The Failed OUYA Game Console Seeing Work For Mainline Linux Kernel Support
Written by Michael Larabel in Hardware on 4 October 2020 at 03:00 PM EDT. 21 Comments
HARDWARE --
It's been eight years already since the launch of the OUYA game console built atop Android and initially driven up by hype as a new low-cost gaming platform only to turn out to be a commercial failure. Razer bought out OUYA's software assets in 2015 and last year finally shutdown all of the console services. But if you still have the OUYA hardware it soon may start running off the mainline Linux kernel.

As we approach the end of 2020, there is an independent developer that's been working to mainline Linux kernel support for the OUYA game console. With OUYA being built atop the NVIDIA Tegra 3 SoC, the upstreaming effort isn't too involved but principally adding the appropriate Device Tree bits for the kernel. But with the console just having the Tegra 3 with quad-core Cortex-A9 processor, 1GB of RAM, and 8~16GB of internal memory, the hardware isn't all that interesting in 2020.


Previously there has been Ubuntu and Debian among other Linux distributions bootstrapped for OUYA by independent developers albeit didn't spark too much interest. But with hopes of improving the situation for those wanting to run Linux on the console now that Razer killed off the OUYA game services support in 2019, Peter Geis has been working on the upstream kernel patches.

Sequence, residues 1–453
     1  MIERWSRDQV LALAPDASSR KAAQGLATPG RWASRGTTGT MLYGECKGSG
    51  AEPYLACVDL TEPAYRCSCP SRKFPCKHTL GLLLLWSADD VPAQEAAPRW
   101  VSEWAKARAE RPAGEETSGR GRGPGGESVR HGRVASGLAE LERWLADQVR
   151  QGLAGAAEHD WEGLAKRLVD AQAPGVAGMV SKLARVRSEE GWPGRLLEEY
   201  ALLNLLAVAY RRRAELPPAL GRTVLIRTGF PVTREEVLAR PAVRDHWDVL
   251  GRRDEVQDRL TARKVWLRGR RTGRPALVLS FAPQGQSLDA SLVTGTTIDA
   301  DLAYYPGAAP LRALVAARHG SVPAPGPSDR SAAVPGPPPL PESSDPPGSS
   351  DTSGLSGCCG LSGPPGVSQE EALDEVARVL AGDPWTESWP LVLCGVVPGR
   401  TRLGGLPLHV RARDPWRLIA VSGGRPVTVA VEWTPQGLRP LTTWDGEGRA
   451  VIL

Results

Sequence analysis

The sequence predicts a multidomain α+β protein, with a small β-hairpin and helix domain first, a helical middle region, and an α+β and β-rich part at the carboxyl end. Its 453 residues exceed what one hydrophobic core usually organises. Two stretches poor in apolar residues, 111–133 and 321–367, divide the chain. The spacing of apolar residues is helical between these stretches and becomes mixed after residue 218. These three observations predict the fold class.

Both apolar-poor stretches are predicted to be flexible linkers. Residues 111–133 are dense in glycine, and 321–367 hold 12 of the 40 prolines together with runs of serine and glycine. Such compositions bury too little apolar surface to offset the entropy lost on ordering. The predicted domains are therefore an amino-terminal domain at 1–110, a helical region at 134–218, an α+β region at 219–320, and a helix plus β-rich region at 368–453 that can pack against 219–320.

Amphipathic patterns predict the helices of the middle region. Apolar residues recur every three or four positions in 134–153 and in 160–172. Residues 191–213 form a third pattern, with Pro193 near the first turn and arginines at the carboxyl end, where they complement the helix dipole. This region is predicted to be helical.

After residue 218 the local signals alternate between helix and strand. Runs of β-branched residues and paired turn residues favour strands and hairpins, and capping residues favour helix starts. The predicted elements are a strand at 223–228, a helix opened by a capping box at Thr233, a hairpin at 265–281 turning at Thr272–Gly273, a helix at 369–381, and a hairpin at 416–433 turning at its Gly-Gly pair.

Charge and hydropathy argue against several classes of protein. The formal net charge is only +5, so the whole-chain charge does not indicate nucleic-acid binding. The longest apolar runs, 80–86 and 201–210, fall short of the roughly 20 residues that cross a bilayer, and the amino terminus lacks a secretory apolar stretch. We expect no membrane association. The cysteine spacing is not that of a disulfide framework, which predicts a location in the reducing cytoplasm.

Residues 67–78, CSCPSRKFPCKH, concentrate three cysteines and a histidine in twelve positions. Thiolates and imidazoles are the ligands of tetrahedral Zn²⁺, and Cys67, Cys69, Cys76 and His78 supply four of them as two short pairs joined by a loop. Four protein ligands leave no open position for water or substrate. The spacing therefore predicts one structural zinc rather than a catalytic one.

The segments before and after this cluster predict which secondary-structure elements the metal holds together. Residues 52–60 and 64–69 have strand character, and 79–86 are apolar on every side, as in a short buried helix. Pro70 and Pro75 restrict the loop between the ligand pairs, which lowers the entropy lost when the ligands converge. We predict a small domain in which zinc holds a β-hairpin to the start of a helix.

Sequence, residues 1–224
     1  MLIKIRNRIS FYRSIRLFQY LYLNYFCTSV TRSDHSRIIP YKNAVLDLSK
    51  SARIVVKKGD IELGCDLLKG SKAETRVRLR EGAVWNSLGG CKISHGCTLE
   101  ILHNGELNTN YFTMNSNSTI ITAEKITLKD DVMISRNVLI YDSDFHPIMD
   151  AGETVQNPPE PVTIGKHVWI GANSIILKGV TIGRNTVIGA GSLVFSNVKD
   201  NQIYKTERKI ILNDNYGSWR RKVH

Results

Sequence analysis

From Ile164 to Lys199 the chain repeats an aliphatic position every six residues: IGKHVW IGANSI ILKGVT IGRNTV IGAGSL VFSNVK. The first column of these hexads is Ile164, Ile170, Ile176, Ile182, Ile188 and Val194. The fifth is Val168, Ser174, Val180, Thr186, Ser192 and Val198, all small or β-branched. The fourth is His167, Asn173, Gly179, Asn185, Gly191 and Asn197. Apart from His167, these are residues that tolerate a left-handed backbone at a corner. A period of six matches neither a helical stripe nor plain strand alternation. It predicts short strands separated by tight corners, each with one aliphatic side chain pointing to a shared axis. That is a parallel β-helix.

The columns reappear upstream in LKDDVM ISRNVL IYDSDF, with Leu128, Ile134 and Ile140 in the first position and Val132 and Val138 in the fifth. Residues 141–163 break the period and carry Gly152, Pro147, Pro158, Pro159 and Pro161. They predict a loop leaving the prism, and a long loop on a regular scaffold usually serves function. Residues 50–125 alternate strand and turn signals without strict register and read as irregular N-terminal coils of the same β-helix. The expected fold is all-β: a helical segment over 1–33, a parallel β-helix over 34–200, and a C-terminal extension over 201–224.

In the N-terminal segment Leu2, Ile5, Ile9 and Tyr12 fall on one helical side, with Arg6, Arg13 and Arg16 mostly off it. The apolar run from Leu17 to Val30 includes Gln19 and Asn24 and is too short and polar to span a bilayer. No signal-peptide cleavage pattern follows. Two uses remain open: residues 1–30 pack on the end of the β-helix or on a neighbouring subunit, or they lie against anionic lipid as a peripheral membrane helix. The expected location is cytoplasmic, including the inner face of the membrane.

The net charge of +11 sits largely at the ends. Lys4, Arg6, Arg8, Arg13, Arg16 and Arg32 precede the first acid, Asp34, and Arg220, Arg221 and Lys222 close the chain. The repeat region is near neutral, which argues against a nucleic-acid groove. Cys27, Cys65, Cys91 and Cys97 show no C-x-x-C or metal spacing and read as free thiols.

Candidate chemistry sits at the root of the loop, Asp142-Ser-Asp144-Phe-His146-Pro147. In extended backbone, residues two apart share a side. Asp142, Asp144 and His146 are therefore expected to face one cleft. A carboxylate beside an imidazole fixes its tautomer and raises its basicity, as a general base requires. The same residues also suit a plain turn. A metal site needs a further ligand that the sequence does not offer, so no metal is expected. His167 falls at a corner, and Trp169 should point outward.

Sent out today were the latest patches for the OUYA game console kernel support. The code hasn't been queued in the ARM platform "-next" tree yet but we'll see if it makes it into a forthcoming mainline kernel.
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Michael Larabel is the principal author of Phoronix.com and founded the site in 2004 with a focus on enriching the Linux hardware experience. Michael has written more than 20,000 articles covering the state of Linux hardware support, Linux performance, graphics drivers, and other topics. Michael is also the lead developer of the Phoronix Test Suite, Phoromatic, and OpenBenchmarking.org automated benchmarking software. He can be followed via Twitter or contacted via MichaelLarabel.com.

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